how to define "popular"

2 Aug 2010 - 5:01pm
4 years ago
3 replies
544 reads
Diana Wynne
2008

The B2B site I'm working on will have several crowdsourced modules such as popular articles, most saved documents, and recent popular searches. These can be filtered by role or region, in order to show "most popular for people like me."
I'm wondering if anyone has found or documented standards on how popular links are calculated, for example whether they are total number of clicks or unique visitors. This isn't a public site, so we're less concerned with advertiser conventions than what will product meaningful results for user.
I did a little research on timeframe for popular, which roughly corresponds to publication cycle. So a daily newspaper popular is last 24 hours, but a quarterly publication might be 90 days.
The requirements for reporting are somewhat different than for presenting to users. For example an admin might want to know what the most clicked links for January were, whereas users just want the current period.
Thanks for any thoughts,
Diana WynneSan Francisco

Comments

3 Aug 2010 - 4:13pm
Greg Johnson
2010

My $0.02:

Popularity would best be quantified as a percentage of people who experienced the site in relation to the number of people who performed the desired action. For example: if I were digg.com and I wanted to show the most popular articles, my algorithm would produce the top 10 articles with the highest percentage of people who dugg the article of those who saw the article for all articles over a certain threshold.

You need to be able to quantify: goal vs. the number of users who had the opportunity to complete that goal. That could be an email to friend link or someone who spent more than a predetermined amount of time on a page.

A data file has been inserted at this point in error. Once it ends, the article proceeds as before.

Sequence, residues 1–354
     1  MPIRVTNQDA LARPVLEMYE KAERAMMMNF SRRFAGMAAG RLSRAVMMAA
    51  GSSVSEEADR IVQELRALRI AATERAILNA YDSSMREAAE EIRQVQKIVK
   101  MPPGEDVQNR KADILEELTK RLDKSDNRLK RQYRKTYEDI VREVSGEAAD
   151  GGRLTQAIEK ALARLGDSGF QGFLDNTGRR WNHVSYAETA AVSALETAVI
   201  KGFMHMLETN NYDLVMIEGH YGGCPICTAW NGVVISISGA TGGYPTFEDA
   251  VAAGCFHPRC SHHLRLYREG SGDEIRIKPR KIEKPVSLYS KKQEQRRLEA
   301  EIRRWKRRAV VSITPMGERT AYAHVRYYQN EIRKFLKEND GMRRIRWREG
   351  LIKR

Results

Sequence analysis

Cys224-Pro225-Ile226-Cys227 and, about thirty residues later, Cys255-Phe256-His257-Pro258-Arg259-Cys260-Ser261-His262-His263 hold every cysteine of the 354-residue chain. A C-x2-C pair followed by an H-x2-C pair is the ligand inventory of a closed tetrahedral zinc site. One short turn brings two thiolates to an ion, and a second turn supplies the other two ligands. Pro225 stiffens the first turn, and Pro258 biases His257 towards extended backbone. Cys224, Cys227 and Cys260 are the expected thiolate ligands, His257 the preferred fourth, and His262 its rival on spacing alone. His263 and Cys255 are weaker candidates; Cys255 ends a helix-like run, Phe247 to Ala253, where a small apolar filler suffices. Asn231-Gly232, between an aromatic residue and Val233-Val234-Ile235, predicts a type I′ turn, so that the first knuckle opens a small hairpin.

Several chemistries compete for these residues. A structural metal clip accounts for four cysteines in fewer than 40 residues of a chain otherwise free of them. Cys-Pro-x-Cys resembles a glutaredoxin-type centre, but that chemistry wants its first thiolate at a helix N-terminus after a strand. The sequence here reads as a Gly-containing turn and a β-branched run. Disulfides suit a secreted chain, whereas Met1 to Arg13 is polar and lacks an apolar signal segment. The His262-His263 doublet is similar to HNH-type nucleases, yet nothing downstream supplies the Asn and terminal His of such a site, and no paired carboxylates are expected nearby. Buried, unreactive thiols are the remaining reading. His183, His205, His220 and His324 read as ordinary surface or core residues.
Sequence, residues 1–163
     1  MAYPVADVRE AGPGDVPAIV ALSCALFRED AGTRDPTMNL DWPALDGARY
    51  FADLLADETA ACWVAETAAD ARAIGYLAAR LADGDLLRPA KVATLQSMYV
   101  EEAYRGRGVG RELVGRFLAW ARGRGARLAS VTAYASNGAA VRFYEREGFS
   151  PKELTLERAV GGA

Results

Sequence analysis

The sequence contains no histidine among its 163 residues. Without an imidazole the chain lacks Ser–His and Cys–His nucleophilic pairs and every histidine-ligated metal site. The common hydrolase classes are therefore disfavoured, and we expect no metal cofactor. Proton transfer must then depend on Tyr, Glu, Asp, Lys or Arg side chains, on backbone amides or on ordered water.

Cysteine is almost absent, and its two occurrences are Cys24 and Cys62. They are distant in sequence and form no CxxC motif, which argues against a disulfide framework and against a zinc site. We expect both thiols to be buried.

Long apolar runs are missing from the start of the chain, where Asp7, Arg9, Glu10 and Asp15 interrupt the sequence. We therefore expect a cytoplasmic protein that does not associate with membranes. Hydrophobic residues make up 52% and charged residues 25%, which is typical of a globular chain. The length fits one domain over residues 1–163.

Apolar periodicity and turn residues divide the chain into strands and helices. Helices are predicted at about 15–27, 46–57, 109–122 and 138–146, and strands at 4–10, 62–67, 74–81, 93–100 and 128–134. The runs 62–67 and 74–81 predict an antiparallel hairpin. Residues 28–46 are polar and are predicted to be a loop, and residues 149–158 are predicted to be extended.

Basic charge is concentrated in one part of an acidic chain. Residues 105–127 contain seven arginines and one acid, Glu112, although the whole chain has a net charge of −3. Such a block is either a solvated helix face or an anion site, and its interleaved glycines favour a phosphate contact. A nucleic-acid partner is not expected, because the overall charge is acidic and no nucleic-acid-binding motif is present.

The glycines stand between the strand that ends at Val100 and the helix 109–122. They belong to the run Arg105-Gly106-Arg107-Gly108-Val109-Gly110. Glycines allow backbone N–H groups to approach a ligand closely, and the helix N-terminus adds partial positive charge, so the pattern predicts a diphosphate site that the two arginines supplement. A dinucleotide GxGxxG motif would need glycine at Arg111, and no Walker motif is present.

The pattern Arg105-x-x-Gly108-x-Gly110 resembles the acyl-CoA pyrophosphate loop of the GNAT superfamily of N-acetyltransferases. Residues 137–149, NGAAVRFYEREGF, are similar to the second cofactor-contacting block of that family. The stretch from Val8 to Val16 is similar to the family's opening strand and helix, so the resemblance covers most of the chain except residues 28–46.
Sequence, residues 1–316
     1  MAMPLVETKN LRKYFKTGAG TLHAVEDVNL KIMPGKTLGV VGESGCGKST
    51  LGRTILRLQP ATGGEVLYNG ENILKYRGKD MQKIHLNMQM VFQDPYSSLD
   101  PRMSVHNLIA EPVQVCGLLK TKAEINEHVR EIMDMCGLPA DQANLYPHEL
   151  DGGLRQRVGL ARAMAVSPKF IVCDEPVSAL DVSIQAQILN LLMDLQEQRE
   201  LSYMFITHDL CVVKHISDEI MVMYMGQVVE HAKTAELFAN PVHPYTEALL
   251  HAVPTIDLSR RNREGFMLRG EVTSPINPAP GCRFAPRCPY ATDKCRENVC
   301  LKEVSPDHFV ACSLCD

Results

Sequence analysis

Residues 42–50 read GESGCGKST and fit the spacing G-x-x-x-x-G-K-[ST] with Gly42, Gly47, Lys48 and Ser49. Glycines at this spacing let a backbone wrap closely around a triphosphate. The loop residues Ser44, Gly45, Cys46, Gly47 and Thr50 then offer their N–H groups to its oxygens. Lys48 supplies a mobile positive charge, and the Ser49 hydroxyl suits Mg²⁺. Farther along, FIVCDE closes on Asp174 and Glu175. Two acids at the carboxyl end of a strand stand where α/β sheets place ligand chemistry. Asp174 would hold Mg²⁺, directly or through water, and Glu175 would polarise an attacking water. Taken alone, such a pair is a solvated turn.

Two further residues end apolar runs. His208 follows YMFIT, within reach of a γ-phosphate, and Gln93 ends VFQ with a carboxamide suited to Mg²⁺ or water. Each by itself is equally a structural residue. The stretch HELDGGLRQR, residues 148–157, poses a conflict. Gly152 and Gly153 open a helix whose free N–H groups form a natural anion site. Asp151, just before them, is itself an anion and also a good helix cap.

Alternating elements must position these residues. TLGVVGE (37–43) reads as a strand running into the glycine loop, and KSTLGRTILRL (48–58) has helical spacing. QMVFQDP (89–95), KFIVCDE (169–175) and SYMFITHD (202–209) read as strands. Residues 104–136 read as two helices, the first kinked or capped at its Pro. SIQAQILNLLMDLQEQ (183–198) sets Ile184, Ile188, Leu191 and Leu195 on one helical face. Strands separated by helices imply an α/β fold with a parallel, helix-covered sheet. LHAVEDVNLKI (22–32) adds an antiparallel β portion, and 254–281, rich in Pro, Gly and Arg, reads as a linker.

I don't think that popularity is as simple as the number of views or clicks though.

3 Aug 2010 - 10:13pm
Diana Wynne
2008

Thanks Greg. Meaningful action is an important point. And agreed, there's nothing simple about Popular.

Unfortunately in this case, they're just reading information. We started out having separate lists for viewed versus downloaded, but with PDF's displayed in some users' browsers, the line is less useful.

We will measure how many times a page is favorited, but it's a private network pushing content rather than a public site with social networking features. There are calls to action, mostly offline, which are tracked separately.

Diana

3 Aug 2010 - 11:53pm
Gino Rodrigues
2008

IsnĀ“t popularity based on goals going to bias the result? There are other good opportunities in other metrics that can really convey popularity, when properly combined and tested:

Hits per timeframe - as you found on your research, it may be very difficult to predict the result based on varying timeframes. Maybe you can use the cycles to weight the score, or simply group the presentation of content with similar cycles.

Absolute number of hits - can be used to measure long term popularity, that goes beyond framed measures.

Interactions - content that has been e-mailed, tagged, bookmarked, rated, commented, dugg, ... shows itself as an object of some kind of valuable interest.

Conversion - a contact, a request, an answer, .... desired actions are as useful as any interaction, but count specially for ROI measures.

Hits from popular searches - as you said those are already identifiable, search popularity not only crosses through the information architecture, but also creates means to enhance it.

Sources - referrer analysis can be made and then automated. For example: internal hits can be considered more valuable; hits from Google can mean less, because of its potencial volume; hits from twitter or mail can reveal an active interest to spread the content;. hits from a certain campaign cam be treated only temporarily.

Well, these are my "any thoughts" =)

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